4. Reform rail fares and ticketing including simplifying fares, ensuring consistency across the network and improving the availability of affordable prices throughout the day.
    5. Keep pavements free of cars by granting councils the powers to stop vehicles being parked on pavements.

    Ahead of a General Election, we are asking every political party to commit to the above within 100 days of a new government. These calls will give every person in the UK the opportunity to breathe cleaner air for their health and wellbeing while co-benefitting our economy and environment. 


    Sincerely, 

    Clean Air Day petition signatories

    Cc: Secretary of State for Environment
    Secretary of State for Transport
    Secretary of State for Health

    References

    1. Department for Transport, Official Statistics: Transport and environment statistics: 2023 (2023);
    2. Department for Environment, Food & Rural Affairs, National statistics: Emissions of air pollutants in the UK – Nitrogen oxides (NOx) (2024);
    3. Greener Journeys, The One Billion Challenge;
    4. 50% of short urban trips in England walked, wheeled or cycled by 2030 would avoid 107,000 tonnes of greenhouse gas emissions (CO2 equivalent) (Sustrans briefing note, Investment in walking and cycling 2025-2030 (2024)), which would power more than 244,000 houses with electricity for one year5,6 – greater than the number of dwellings in Manchester, Bristol or Liverpool (Department for Levelling Up, Housing and Communities, 2022);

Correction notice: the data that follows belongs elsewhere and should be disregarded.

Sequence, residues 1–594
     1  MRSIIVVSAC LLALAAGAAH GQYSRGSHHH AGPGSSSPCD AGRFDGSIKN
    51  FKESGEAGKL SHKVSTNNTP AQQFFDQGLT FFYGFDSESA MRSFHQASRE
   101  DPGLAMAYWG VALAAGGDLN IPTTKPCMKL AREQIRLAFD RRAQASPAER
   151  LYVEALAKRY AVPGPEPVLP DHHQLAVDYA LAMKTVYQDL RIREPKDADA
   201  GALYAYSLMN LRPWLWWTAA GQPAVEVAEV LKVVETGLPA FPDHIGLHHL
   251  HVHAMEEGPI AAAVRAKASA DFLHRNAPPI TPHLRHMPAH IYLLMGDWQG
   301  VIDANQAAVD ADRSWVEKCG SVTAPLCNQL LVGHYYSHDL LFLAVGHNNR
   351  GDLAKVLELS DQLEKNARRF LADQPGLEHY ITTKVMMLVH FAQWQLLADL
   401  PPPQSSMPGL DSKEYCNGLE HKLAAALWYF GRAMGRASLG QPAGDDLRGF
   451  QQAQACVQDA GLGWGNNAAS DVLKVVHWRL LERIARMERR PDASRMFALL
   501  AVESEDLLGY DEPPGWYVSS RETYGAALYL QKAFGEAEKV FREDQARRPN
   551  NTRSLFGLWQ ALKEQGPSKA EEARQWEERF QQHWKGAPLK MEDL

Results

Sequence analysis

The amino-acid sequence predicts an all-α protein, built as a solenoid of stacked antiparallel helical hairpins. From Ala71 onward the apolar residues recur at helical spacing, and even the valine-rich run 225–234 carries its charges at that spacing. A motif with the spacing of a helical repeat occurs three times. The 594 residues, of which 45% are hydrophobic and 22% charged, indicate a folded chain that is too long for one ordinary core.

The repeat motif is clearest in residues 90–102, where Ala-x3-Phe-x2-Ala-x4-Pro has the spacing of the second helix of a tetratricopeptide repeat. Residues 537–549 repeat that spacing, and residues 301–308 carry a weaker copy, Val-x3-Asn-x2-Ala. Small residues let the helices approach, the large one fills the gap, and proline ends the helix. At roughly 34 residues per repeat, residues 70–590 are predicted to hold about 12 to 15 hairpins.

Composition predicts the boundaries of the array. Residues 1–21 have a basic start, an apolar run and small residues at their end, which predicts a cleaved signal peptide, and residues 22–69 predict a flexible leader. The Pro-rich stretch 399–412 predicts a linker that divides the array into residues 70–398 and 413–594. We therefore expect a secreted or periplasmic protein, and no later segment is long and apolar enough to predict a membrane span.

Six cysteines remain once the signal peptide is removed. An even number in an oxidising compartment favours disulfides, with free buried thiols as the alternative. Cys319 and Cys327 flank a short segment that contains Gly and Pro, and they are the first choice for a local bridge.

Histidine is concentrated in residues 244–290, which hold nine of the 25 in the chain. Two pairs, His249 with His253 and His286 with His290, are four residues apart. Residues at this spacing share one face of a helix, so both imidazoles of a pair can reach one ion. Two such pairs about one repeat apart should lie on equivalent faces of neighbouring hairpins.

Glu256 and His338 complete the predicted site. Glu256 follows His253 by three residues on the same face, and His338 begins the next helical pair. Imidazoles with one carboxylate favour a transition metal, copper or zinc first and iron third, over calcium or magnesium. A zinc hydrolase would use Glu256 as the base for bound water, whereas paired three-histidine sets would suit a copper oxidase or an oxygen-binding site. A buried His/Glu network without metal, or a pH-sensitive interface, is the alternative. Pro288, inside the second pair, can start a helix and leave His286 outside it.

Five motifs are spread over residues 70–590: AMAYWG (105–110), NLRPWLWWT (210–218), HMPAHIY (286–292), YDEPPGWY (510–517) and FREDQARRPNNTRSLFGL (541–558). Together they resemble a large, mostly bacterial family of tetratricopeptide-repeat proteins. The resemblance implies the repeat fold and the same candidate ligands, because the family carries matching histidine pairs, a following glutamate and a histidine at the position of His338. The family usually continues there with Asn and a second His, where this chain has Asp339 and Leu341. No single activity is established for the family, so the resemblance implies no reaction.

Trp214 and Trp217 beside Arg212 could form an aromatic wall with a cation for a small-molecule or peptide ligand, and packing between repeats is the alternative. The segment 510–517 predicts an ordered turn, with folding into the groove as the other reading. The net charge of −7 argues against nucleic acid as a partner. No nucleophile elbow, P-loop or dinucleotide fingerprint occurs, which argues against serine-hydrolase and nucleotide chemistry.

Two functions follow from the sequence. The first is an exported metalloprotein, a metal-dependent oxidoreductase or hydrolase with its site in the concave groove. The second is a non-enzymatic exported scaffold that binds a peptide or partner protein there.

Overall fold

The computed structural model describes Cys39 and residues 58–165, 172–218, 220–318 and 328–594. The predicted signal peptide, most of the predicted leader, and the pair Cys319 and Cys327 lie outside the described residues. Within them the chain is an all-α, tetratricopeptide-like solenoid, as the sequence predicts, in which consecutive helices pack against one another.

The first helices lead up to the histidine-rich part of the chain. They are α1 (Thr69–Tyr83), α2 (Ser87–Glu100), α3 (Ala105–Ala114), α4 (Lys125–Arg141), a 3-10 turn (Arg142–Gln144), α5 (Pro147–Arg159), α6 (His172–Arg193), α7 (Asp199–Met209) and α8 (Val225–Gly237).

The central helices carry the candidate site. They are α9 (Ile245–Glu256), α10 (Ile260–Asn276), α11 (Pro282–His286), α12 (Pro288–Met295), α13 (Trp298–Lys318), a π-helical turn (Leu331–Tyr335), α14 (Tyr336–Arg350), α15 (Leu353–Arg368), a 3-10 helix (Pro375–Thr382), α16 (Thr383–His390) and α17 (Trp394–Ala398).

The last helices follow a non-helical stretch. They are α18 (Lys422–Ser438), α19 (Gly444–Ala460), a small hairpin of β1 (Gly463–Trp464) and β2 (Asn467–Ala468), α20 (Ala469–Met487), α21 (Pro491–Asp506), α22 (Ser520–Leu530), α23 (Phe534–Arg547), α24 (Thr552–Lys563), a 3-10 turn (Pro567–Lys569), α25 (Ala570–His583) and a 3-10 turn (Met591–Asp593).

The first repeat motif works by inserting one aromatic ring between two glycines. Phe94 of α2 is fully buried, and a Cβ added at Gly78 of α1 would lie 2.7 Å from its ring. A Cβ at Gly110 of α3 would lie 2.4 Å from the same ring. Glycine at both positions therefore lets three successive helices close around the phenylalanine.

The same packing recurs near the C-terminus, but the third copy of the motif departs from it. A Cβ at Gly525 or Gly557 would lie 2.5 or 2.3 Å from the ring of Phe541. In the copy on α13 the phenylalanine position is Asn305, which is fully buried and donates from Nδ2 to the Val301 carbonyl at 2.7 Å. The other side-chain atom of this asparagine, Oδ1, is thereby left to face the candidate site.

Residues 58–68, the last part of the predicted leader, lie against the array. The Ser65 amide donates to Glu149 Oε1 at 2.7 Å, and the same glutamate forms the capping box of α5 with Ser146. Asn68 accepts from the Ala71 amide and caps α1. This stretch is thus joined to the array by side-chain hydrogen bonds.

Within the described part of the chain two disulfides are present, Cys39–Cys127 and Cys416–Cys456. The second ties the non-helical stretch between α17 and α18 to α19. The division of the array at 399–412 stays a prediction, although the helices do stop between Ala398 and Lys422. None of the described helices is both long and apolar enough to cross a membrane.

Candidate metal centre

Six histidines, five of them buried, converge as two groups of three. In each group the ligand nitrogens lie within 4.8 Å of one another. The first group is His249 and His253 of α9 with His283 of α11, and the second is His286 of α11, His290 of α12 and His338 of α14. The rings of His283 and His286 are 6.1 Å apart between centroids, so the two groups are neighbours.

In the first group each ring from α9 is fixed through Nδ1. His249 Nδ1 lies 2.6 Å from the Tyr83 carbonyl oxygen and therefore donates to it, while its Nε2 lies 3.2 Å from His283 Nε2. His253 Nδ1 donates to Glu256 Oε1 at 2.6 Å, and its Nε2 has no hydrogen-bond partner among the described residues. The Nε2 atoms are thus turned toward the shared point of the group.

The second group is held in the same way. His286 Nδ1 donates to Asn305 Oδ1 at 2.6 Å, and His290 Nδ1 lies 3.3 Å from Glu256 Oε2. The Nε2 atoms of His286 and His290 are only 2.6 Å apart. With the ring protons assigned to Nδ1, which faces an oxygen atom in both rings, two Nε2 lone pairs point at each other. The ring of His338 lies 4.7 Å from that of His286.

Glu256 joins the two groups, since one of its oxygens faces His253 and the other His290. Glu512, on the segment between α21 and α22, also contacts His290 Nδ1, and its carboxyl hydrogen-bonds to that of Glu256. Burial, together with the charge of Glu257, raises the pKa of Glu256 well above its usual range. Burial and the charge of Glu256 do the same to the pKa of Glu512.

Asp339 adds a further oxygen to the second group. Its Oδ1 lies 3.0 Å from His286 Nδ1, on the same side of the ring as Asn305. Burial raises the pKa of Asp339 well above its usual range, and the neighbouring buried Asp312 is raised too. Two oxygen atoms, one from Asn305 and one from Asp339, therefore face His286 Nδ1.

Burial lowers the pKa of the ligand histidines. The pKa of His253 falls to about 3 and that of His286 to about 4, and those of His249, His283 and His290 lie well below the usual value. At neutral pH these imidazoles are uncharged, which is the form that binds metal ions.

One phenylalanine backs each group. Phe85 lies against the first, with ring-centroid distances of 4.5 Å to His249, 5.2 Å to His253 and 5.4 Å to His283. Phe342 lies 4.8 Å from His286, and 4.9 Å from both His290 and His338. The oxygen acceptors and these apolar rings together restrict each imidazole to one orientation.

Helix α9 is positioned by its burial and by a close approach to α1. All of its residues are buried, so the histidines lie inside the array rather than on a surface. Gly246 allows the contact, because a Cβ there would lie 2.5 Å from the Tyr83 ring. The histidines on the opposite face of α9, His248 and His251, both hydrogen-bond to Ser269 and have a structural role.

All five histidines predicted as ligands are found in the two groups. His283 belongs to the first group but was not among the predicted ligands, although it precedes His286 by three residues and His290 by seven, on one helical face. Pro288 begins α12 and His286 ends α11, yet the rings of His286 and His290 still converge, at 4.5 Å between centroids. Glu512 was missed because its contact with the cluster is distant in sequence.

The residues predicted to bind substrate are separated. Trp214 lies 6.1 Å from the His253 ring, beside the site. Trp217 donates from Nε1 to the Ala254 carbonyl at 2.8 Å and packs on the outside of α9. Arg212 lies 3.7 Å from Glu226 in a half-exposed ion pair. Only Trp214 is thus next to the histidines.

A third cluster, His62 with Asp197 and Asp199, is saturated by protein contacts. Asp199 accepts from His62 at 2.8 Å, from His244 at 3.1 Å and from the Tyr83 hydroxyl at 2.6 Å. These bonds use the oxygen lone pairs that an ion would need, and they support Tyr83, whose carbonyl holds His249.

5. Ofgem, Average gas and electricity usage;
    6. Carbon Brief, UK electricity from fossil fuels drops to lowest level since 1957;
    7. Department for Energy Security and Net Zero, Greenhouse gas reporting: conversion factors 2023;
    8. Department for Environment Food & Rural Affairs, Local Air Quality Management (LAQM), Public Health;
    9. Public Health England, Guidance: Health matters: air pollution, 2018;
    10. Wang L, Zhong B, Vardoulakis S, Zhang F, Pilot E, Li Y, et al. Air Quality Strategies on Public Health and Health Equity in Europe-A Systematic Review. Int J Environ Res Public Health. 2016;13(12);
    11. Public Health England, Working Together to Promote Active Travel, a briefing for local authorities, 2016;
    12. Department for Transport, Claiming the Health Dividend: A summary and discussion of value for money estimates from studies of investment in walking and cycling, 2014;
    13. Clean Air Fund, The UK’s Clean Air Zones will save both lives and money – we need similar measures all over the world, 2021;

    Clean Air Day is brought to you by Global Action Plan in partnership with Health Equals.